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Economic Data Show a Softer Side

Recent slow manufacturing and retail data is no reason to panic just yet, but one housing report is a bigger concern, says Morningstar's Bob Johnson.

Jason Stipp: I'm Jason Stipp for Morningstar.

There's been a decided soft tone to a lot of the economic data we've seen recently. But as is usually the case, there's more to the story. Here to give his take on the data is Morningstar's Bob Johnson, our director of economic analysis.

Thanks for joining me, Bob.

Bob Johnson: Great to be here today.

Stipp: We have seen some near-term data that does look a little soft, but you have more than one way of looking at that data. I want to take it datapoint by datapoint, and get your take on recent data and also your longer-term perspective.

One report that we got this week was retail sales and auto sales, and it looked soft in this last month.

Johnson: Yes, absolutely. The retail sales number overall, and this is the official government report, is a little dated. This is September data, and it's about two weeks delayed from when we'd usually see it [because of the government shutdown]. Just a little bit of a caveat there. It was before the furlough, so this shouldn't have been impacted by people not having their government checks. Nevertheless, we were done 0.1% month-to-month, that is comparing September to August.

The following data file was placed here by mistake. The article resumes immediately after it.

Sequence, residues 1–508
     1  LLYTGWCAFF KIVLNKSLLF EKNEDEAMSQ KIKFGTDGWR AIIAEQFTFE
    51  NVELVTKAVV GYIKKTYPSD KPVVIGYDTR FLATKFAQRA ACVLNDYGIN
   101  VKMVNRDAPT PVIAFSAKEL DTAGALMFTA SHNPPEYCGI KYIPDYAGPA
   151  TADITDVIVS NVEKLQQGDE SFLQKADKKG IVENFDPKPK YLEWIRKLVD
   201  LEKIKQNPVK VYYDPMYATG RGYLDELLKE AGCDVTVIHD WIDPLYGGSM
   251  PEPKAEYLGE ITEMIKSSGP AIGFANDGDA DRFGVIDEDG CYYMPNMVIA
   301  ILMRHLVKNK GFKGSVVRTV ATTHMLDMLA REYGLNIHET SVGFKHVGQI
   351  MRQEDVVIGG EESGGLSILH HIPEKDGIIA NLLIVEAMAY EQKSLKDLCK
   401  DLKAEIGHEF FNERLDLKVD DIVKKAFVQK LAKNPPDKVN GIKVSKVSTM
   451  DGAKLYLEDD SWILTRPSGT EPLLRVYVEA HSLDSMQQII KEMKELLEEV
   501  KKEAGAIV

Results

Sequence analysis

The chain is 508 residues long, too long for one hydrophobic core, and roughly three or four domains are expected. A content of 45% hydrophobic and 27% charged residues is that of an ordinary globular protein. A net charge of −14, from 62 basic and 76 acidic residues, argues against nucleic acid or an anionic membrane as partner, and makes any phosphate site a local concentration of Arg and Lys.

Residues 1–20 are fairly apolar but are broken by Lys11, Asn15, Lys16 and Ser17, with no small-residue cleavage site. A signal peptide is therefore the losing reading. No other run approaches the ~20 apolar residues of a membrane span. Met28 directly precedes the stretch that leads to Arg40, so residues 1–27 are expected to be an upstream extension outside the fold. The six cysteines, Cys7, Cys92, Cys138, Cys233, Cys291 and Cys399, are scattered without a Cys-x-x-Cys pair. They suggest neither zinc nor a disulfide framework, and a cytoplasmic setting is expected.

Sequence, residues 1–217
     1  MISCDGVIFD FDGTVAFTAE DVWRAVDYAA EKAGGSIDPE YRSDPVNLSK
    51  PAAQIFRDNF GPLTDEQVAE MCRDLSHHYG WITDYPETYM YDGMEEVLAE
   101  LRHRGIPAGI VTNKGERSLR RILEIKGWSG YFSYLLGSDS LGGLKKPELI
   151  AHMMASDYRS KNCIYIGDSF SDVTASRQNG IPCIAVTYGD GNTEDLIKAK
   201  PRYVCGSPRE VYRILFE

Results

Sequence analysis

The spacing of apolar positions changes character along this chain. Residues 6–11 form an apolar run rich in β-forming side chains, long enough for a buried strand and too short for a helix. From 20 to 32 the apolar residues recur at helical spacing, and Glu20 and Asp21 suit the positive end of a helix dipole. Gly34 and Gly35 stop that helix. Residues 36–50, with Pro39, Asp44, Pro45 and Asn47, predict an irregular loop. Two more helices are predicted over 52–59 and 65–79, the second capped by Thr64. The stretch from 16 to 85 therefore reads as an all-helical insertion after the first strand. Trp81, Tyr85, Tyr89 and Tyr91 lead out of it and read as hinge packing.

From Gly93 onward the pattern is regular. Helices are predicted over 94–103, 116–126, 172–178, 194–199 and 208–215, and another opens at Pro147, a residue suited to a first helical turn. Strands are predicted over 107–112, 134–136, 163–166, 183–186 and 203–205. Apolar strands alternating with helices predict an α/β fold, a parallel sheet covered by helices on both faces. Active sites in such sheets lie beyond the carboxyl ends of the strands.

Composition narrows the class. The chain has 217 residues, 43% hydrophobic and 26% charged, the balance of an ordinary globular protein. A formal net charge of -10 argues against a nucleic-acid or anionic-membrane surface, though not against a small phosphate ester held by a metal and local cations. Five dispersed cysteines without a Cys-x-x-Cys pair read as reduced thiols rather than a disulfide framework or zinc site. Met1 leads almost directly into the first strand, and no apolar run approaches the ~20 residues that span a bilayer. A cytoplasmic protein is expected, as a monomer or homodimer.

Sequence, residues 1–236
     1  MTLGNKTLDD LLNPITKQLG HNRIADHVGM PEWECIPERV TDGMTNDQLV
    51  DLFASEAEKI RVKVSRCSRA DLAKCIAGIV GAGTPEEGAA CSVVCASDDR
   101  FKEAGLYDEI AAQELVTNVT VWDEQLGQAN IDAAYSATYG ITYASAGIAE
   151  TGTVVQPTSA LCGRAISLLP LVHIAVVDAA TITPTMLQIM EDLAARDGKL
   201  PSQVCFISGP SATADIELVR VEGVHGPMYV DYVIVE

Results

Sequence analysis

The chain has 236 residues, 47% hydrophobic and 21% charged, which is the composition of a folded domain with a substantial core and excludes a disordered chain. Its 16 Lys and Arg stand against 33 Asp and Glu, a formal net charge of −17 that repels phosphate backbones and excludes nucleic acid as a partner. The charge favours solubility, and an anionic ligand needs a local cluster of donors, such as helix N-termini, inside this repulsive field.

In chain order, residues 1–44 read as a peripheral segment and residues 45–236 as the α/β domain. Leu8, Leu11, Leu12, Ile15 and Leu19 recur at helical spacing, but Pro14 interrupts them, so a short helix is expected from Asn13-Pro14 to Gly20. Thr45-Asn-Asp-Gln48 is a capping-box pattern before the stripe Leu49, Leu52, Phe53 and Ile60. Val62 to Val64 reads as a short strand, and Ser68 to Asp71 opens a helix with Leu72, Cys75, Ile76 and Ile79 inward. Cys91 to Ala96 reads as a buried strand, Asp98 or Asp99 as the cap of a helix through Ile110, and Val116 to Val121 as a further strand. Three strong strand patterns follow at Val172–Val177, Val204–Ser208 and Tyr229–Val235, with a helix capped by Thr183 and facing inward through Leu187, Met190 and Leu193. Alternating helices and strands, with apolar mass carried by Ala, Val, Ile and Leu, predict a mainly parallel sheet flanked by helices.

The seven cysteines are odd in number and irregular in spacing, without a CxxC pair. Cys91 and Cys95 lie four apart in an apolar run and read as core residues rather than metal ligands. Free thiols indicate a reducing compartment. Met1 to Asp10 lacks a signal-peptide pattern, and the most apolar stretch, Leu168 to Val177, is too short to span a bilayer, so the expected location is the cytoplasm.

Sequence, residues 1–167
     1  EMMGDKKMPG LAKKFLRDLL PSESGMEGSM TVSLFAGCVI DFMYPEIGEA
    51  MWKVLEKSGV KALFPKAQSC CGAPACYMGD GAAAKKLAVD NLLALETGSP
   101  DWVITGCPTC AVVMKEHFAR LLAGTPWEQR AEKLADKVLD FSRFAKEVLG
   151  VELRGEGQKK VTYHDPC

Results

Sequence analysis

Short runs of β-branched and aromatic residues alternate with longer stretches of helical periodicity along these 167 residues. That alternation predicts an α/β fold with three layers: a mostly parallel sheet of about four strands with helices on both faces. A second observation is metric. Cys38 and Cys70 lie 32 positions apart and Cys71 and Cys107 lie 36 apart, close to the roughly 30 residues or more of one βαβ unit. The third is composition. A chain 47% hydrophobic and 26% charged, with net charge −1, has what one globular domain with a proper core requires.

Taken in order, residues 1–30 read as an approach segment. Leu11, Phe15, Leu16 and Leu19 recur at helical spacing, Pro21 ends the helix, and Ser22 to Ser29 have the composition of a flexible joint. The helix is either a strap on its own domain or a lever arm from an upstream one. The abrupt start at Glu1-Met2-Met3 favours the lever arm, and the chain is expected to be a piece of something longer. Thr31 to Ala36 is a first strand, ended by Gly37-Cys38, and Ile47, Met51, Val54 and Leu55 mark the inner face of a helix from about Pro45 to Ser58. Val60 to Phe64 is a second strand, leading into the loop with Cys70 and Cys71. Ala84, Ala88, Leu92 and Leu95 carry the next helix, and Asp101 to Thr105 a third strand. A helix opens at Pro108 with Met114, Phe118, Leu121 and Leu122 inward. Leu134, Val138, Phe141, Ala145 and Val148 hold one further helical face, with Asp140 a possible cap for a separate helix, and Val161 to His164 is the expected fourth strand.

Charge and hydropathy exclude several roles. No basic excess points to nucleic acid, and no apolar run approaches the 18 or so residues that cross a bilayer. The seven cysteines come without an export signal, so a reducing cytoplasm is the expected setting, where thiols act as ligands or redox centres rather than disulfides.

The year-over-year data that I like to look at, averaged over three months and excluding the volatile gasoline sector as well as the autos, was right in the range where it has been for some time--about 4% [growth]. In fact, maybe just a shade under: Maybe the average is 4.2% on the year-over-year basis, and we're at about 4% right now. So really no reason to panic yet, but again, the trends are a little bit soft there, and we've been warning about that for some time.

The retail sales report was also interesting, in that it explains some of the shopping center data that had been so weak and continues to be weak. In that [report,] the non-store retailers are among the best performers, and those aren't counted in the shopping center data, which is a little bit of the reason why that data has been soft.

Stipp: When it came to autos, there is a near-term issue with how Labor Day got counted.